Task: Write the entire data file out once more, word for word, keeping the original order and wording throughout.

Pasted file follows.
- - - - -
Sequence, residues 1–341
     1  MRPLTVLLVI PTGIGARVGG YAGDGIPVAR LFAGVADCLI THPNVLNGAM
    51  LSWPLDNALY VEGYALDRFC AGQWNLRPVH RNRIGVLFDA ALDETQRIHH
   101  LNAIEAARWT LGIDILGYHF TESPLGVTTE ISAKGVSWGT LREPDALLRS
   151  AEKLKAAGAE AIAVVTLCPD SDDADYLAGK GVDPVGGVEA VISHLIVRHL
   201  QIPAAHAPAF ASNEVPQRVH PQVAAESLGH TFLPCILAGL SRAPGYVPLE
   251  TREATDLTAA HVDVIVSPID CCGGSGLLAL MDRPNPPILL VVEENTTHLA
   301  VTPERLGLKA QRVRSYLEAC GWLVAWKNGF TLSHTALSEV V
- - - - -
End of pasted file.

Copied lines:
Sequence, residues 1–341
     1  MRPLTVLLVI PTGIGARVGG YAGDGIPVAR LFAGVADCLI THPNVLNGAM
    51  LSWPLDNALY VEGYALDRFC AGQWNLRPVH RNRIGVLFDA ALDETQRIHH
   101  LNAIEAARWT LGIDILGYHF TESPLGVTTE ISAKGVSWGT LREPDALLRS
   151  AEKLKAAGAE AIAVVTLCPD SDDADYLAGK GVDPVGGVEA VISHLIVRHL
   201  QIPAAHAPAF ASNEVPQRVH PQVAAESLGH TFLPCILAGL SRAPGYVPLE
   251  TREATDLTAA HVDVIVSPID CCGGSGLLAL MDRPNPPILL VVEENTTHLA
   301  VTPERLGLKA QRVRSYLEAC GWLVAWKNGF TLSHTALSEV V